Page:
Here I am, on behalf of the Society for Ecological Restoration, making what is called an ‘intervention’ during the COP10 proceedings. I read the statement below in support of ecological restoration as a viable tool in the fight to save biodiversity.  It was well received.  This is a big deal to have been able to intervene during the proceedings and make a statement like this.  It goes on the record and the delegations from each nation, NGOs and all interested parties (over 250 entities) heard our intervention.  International convention policy in the making.

Photo by Sasha Alexander, SER International.

October 19, 2010
COP10 Society for Ecological Restoration
Statement to the Parties
Thank you Mr. Chair.  I represent the Society for Ecological Restoration, an NGO Observer.  I will be brief with my comments. We very much welcome the increased emphasis on ecosystem restoration, as stated in Agenda Item 4.3 a(ix), and as just recently noted by both the delegations of Norway and Canada, as an important mechanism for assisting the Parties to achieve the objectives of the Convention.
The Society for Ecological Restoration, like the Parties to the Convention, sees ecosystem restoration as a science driven, cost-effective, participatory approach to enhancing biodiversity values, improving the delivery of ecosystem services for sustainable livelihoods, and mitigating and adapting to the impacts of climate change.
As a network of restoration professionals based in 56 countries throughout the world, the Society for Ecological Restoration provides scientific and technical expertise in the ecological repair and management of ecosystems. The Society brings together academics, researchers, practitioners, legislators and regulators to define and deliver excellence in the field of ecological restoration. Since the Society’s inception over 20 years ago, its workshops, publications, and international collaborative networks have provided leading-edge restoration guidance to individuals and organizations worldwide.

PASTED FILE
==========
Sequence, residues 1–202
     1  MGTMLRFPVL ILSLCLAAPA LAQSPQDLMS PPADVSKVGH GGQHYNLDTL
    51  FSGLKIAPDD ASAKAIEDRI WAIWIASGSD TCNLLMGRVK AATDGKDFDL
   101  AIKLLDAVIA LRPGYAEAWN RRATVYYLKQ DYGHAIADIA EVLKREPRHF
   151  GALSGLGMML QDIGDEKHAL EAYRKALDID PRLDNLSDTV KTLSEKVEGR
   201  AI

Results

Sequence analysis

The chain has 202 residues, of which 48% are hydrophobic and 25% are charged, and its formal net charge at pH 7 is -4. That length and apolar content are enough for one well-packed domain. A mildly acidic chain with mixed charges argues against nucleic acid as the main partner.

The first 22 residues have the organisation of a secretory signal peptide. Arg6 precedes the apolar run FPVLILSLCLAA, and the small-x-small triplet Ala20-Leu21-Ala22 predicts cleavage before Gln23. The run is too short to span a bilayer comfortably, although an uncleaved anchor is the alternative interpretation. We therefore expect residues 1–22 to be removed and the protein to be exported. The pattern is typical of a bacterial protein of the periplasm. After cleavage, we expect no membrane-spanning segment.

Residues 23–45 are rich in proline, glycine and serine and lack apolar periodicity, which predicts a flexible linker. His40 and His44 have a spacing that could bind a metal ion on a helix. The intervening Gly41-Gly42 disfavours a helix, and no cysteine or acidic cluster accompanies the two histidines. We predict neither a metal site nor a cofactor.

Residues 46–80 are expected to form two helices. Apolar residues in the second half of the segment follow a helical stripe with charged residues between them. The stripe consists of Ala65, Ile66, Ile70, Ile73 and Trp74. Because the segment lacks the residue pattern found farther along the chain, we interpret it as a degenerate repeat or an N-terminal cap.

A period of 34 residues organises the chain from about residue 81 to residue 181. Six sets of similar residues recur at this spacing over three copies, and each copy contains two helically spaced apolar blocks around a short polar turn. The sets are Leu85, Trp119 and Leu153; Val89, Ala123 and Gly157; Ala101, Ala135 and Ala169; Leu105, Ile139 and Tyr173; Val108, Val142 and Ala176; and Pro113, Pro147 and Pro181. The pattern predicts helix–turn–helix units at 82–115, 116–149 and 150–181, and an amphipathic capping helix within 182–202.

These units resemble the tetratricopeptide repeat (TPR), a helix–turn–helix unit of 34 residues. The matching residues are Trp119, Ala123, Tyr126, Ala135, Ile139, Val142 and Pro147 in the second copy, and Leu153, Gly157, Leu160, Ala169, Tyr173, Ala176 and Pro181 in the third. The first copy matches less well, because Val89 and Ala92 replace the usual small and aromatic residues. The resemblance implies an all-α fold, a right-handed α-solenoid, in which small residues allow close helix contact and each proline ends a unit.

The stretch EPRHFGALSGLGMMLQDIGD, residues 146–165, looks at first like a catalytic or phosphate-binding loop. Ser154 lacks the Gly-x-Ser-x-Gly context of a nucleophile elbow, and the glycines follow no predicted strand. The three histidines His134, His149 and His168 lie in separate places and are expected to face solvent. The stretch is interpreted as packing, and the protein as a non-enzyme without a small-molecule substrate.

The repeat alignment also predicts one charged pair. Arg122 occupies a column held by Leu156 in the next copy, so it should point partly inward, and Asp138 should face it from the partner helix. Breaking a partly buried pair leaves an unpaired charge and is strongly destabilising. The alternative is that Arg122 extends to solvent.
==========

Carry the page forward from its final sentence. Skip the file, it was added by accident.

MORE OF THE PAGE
The Society looks forward to working with the Secretariat and Parties to the Convention at COP11 on identifying the ways and means to support ecosystem restoration, including the development of practical guidance on restoration and related measures that will enhance the capacity of the Parties to restore degraded ecosystems and achieve the 2020 headline targets.
In summary, we encourage countries with capacity, to provide targeted scientific, technical and financial support for ecosystem restoration initiatives in developing countries.  Along with sound science, we also encourage the full integration of traditional ecological knowledge as critical components for restoring ecosystems to protect and enhance biodiversity.
Thank you Mr. Chair.

Further Reading

Get to know Antanea “Nea” Davis, Office Manager
Celebrating Dr. Mario Molina
Get to know Hanna Harper, Geospatial Analyst & Environmental Scientist
Common Mistakes in Dam Removal
A Wasted Chance (a poem by Hayden Schaefer Burke, Age 13)

More From This Author

Food Security: Shout it from the rooftop (and parking lot)!
COP10: Intervening on behalf of biodiversity
Biodiversity and the Farm of the Future
New urbanism: too often practiced in an ecological vacuum
The Cost of Restoration